Third Sunday in Advent.
Really courteous and polite person other end: Hello. I’m from a company called Ready for Retirement. I wondered...
Really nice person: I’m sorry?
Me: Absolutely not. The answer is no.
Nice person: I just want to ask...
Me: I’m sorry, but I don’t care what you want to ask. The name of your company is enough.
Nice person: Please don’t take any notice of the name. We’re an investment company, and over twenty years...
Me: Too late. Even if you’re offering to make me a hundred million quid. I’m not interested in retirement, never have been and probably never will be. I don’t even understand what retirement is for. My parents never retired and I don’t see why I should either. So I’m going to hang up now. I’m sorry. Good bye.
Just think. Mr Nice Person may have had lovely financial package all lined up for me in Christmas wrapping paper.
A nest egg by any other name surely smells just as sweet?
I confess, I have been a bit stuck for my post this morning.
Ever since I started blogging a few months ago, my parameters for Sundays have been as follows:
News which is happening now, not from our past.
About Bink, since that’s what the blog is about.
(And – not that this matters – with a photograph I’ve taken myself, in colour.)
It’s obvious that sooner I later I might come a cropper, setting myself these boundaries. What happens when there’s no news? Or it isn’t cheerful?
Bink entered the Priory in mid-October, about eight weeks ago. While she was on the bootcamp programme, she was embracing the challenge and getting on really well.
Since then I’ve heard almost nothing from her (always, in the past, a very bad sign) except that she couldn’t cope with transition to the new centre, felt suicidal and has been moved back to the acute ward. Where, we’ve been told, she can’t stay.
Thus, our story happens to have reached three points in the telling:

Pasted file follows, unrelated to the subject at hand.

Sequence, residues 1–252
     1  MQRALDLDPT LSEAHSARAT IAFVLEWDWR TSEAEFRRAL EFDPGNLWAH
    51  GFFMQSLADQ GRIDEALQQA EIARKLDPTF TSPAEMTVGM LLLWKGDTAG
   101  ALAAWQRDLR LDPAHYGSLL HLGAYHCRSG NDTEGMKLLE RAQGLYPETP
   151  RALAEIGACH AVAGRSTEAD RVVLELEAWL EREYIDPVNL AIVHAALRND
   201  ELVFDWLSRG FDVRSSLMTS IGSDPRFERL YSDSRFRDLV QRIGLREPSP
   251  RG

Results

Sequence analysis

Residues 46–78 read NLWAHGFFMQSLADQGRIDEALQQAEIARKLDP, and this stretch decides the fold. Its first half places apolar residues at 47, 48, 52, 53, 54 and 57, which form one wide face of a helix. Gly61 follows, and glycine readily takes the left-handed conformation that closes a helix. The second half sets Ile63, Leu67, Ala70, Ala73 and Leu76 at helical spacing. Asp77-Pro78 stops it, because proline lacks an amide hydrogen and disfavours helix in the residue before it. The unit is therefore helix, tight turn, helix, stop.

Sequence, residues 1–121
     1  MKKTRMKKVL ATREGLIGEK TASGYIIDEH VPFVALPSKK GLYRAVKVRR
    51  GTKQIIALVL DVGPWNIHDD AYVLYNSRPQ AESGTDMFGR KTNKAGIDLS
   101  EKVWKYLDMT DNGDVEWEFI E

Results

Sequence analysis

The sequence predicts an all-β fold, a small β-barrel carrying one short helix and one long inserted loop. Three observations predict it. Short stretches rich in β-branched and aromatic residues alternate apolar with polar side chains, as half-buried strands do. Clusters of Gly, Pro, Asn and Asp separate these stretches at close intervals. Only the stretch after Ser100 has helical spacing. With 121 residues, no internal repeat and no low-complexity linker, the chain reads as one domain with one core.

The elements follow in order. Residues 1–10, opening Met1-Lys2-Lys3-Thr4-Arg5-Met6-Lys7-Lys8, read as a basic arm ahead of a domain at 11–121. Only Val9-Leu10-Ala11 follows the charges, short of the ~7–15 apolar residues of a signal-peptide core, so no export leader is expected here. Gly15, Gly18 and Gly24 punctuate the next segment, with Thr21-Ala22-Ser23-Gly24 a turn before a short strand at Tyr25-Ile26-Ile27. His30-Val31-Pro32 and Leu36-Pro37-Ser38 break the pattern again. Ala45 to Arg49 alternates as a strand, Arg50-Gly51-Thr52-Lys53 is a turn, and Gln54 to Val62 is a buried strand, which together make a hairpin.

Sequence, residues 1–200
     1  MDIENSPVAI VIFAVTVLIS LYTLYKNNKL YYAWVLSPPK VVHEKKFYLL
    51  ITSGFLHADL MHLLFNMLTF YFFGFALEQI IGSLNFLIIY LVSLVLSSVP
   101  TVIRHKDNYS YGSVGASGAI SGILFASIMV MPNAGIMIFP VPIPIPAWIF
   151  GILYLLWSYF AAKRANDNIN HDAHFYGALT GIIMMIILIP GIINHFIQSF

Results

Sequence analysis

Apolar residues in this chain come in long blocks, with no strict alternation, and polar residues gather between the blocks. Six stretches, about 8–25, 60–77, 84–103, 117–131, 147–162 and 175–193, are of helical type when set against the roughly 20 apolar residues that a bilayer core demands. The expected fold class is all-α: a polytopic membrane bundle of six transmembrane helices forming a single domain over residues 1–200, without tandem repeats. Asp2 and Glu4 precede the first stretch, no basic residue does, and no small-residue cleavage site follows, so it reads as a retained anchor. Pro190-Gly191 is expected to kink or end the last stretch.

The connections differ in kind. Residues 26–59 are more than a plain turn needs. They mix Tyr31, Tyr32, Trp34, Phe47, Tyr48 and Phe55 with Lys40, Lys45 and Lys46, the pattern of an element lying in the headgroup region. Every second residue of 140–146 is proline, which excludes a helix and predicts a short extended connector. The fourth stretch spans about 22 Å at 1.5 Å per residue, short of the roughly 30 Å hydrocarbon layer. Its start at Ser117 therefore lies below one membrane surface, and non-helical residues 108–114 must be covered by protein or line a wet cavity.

Early December 1997, when Bink was twelve and we had to assume she might be dead.
Midsummer 2006, just after the Trinity May Ball, when something happened we knew nothing about... until months later when we were picking up the pieces.
Now. When all our hopes for Bink’s future are pinned on the Priory and we don’t yet know what is unravelling or why.
Into this mix, some poor git whose computer tells him I might respond well to being asked if I want to put my feet up, rings and asks if I’m ready to give up?
Go boil your head, matey.
I realise the name of your company isn’t your fault.
But in the summer of 2008 Bink and I went on a Neuro-Lingistic Programming week together. Since when I’ve become a lot fussier about the message-in-the-motto. No way am I going to let anyone Negatively-Linguistically Programme me with any hint of a suggestion that the game is over.
Now or ever.
I’ve lost count of the number of times I’ve heard Bink may not get better.
I find it interesting that in the midst of that very first crisis when she was twelve, Shaun and I faced the worst far quicker than most parents you read about in the news. Whose children go missing... whose mothers insist they know their child is alive... who go on knowing it for weeks... until a shallow grave is found and the child was dead all along.
We did none of that. Perhaps because it was so early in the story; but I suspect because, at that point, the end was out of our hands. We could do nothing. (Well, other than fill our house and garden with the national press tripping over each other...)
It was all down to the Met.
(And also perhaps, to be honest, a tiny bit because I’m a slightly contrary so-and-so and don’t like doing what’s expected of me)
So we faced the worst. We accepted it. If there was no hope, we would entrust our dearest Bink to the hands of God, and weep.
But now there is hope, and there has been ever since. And while there is – any hope at all – I will believe, and believe, and believe until there is no breath left in my body.
Advent is about waiting. Waiting may not be easy: but at least you know what to do. You hope. You go on hoping. And you never, ever, ever give up.
“Ready for retirement?”
Never, never, never, never, never.